The Times was able to approximate the location of the rescue through the coordinates of the MSC Valencia, a large commercial ship anchored nearby, visible in the background.
The April 11 rescue, like many others, was posted on a website regularly updated by Turkish authorities.
Its Coast Guard said that it had rescued “12 irregular migrants on the lifeboat that was pushed back to Turkish territorial waters by Greek assets,” off the coast of Dikili, opposite Lesbos, at 14:30 local time.
Turkish Coast Guard video, independently verified by The Times, shows the migrants arriving at the port of Dikili after being rescued.CreditCredit…
The Times analyzed video provided by the Turkish Coast Guard and was able to identify the individuals visible in Mr. Mulla’s footage in one of the shots, which shows the migrants arriving at the port of Dikili in Turkey. The Times was able to confirm it was the same group based on its composition, the physical attributes of its members and their clothing.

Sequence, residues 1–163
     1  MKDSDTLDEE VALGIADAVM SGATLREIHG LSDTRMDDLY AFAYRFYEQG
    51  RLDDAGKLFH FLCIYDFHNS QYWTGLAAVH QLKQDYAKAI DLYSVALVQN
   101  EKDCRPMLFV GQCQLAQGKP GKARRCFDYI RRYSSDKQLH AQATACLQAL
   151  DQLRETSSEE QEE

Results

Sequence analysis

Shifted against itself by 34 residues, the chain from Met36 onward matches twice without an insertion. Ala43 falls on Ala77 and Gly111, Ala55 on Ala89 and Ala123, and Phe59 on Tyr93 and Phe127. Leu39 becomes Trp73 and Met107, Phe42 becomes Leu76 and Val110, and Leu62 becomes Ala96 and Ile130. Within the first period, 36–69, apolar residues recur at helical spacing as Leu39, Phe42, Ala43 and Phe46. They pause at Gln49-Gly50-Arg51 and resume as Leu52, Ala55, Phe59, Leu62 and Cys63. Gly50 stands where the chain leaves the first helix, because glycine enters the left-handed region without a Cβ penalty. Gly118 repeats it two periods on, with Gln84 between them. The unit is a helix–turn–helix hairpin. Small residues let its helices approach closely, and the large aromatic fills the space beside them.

Fleeing War and Dictatorship
The ordeal lasted just a few hours, but it forever changed the course of their lives.
The shores of the islands of the eastern Aegean, just miles off the coast of Turkey, have long been chroniclers of misery and epic journeys. The stories told by the 12 asylum seekers involved in the April 11 episode were no exception.
Naima Hassan Aden and her 6-month-old boy, Awale.CreditCredit…Michael Downey for The New York Times
Before getting on a dinghy to Greece last month, all of those we interviewed had been in Turkey for at least a year, trying to earn enough money to attempt to get smuggled to Europe.
For many, Turkey wasn’t even the first step in their long search for a safe home. Ms. Abdullahi and her older children had fled Somalia for Yemen before it, too, became a war zone. Miliyen had escaped Eritrea’s repression for Ethiopia, but it was soon consumed by civil war.